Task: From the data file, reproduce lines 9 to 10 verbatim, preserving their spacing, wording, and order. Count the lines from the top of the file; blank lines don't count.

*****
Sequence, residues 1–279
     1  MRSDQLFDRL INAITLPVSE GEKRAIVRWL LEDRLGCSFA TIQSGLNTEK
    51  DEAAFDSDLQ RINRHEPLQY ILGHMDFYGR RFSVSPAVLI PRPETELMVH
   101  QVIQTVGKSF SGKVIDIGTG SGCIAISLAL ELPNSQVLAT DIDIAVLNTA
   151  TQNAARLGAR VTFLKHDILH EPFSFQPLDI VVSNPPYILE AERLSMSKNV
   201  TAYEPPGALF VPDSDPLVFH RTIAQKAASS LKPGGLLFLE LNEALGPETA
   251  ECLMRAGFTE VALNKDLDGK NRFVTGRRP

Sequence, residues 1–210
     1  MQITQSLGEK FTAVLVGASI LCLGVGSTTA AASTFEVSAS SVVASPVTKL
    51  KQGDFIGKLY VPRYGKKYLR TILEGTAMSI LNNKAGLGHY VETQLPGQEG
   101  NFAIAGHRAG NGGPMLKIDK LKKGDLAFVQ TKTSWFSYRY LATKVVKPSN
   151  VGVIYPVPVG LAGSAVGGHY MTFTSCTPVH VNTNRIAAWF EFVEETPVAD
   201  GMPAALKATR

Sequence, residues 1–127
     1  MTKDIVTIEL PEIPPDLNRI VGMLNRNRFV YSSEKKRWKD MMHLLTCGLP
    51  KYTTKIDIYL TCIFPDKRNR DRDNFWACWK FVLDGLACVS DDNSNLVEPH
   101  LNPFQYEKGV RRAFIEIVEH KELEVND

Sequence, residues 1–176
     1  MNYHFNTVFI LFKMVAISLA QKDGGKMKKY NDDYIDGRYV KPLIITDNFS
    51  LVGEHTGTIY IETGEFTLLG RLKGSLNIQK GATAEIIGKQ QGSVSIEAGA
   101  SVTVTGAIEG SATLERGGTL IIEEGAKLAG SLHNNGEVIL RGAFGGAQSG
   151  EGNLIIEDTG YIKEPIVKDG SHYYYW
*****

     1  MQITQSLGEK FTAVLVGASI LCLGVGSTTA AASTFEVSAS SVVASPVTKL
    51  KQGDFIGKLY VPRYGKKYLR TILEGTAMSI LNNKAGLGHY VETQLPGQEG